Russia’s top mobile phone company Mobile TeleSystems (MTS) wants to expand in the former Soviet Union as much as possible and may also consider moves into other emerging markets, its chief executive said.
MTS had a consolidated loan of US$1.5 billion last year, which is still under-used, and was discussing a 30 billion rouble (US$1.2 billion) facility but did not see any problems raising credit because of its strong balance sheet, Leonid Melamed said at the Reuters Russia Investment Summit on Tuesday.
"We are very much under-leveraged now, our balance sheet is very strong," Melamed told the Summit, held at the Reuters offices in Moscow. "We understand that without reduction of our credit rating we can attract two times as much."
MTS’s priority market remained the Commonwealth of Independent States (CIS), a loose grouping of 12 former Soviet states, which it considered its home turf, Melamed said.
The company already operates in five CIS markets -- Ukraine, Belarus, Russia, Uzbekistan and Turkmenistan -- and believes it can exploit its knowledge of similar consumption patterns and consumer behavior across the vast and fast-growing region, Reuters reported.
"It’s a strategic issue for us and we have to be prepared to do normal deals in the CIS in accordance with the current prices that exist," he added. "Outside the CIS the strategic importance does not merit going with aggressive pricing."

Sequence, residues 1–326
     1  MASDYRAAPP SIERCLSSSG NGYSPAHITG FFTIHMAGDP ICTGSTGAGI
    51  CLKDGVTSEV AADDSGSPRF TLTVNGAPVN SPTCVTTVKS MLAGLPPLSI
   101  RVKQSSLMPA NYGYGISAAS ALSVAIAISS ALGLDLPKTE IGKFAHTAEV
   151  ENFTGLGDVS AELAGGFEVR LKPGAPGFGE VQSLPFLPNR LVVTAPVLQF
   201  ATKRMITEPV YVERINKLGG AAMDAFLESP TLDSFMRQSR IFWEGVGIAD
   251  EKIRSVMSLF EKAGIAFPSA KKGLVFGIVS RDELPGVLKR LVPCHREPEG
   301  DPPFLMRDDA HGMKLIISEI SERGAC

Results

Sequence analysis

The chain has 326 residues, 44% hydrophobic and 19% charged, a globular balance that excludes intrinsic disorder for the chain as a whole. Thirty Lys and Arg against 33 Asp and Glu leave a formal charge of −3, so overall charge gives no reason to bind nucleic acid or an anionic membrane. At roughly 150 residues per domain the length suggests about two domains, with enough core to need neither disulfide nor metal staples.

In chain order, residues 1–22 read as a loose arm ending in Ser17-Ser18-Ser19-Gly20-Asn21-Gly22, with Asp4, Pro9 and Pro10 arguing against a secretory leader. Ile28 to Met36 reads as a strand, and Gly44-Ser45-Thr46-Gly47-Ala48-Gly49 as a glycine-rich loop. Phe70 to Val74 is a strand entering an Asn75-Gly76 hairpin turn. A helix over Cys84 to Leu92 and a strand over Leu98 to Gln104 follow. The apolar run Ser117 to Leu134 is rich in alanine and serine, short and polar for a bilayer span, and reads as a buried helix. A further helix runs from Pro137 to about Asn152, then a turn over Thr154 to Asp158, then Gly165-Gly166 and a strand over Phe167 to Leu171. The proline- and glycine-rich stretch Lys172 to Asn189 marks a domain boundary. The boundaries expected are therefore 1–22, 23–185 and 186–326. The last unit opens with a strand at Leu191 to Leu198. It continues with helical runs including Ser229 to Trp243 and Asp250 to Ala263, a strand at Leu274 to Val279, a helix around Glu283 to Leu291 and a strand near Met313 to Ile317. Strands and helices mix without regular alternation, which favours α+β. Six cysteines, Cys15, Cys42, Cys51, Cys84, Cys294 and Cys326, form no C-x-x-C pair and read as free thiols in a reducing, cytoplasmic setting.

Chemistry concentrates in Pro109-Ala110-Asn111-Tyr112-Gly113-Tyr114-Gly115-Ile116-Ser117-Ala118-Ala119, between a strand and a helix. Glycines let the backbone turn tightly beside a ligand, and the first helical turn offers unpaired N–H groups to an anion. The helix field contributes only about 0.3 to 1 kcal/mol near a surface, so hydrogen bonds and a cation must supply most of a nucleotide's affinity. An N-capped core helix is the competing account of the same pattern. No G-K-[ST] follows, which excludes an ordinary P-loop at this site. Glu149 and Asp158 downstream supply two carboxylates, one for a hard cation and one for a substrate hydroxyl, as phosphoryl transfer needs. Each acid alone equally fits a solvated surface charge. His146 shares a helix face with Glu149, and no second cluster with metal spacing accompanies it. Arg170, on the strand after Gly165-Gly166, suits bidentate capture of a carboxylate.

Nonetheless, MTS is studying the feasibility of expanding into other fast-growing markets, for example parts of Asia and Africa.
"In the next six to nine months we will be prepared to say either we are totally not interested or there are areas of interest," Melamed said, adding: "I would not rely on MTS’ plans anywhere outside the CIS as we remain focused on achieving organic and non-organic growth in core CIS markets."
MTS is 52.8%owned by Russian services conglomerate Sistema, which is in turn controlled by billionaire businessman Vladimir Yevtushenkov.
Melamed said MTS’s ownership structure "has been very stable and it is stable for the time being".
The MTS chief also played down any possibility of political risk affecting his business as Russia heads into parliamentary elections in December and presidential polls next March.
"In telecoms, the situation is quite predictable," he said. "I don’t see any significant changes....the normal development of the economy needs stability and predictability and I don’t see anyone who wants the economy to be ruined or who wants the country to be destroyed."
Melamed said MTS would be prepared to discuss at any point raising its 49% stake in a Belarussian associate, but this would depend on its partner’s willingness to enter talks. The remainder of the company is held by the Belarussian state.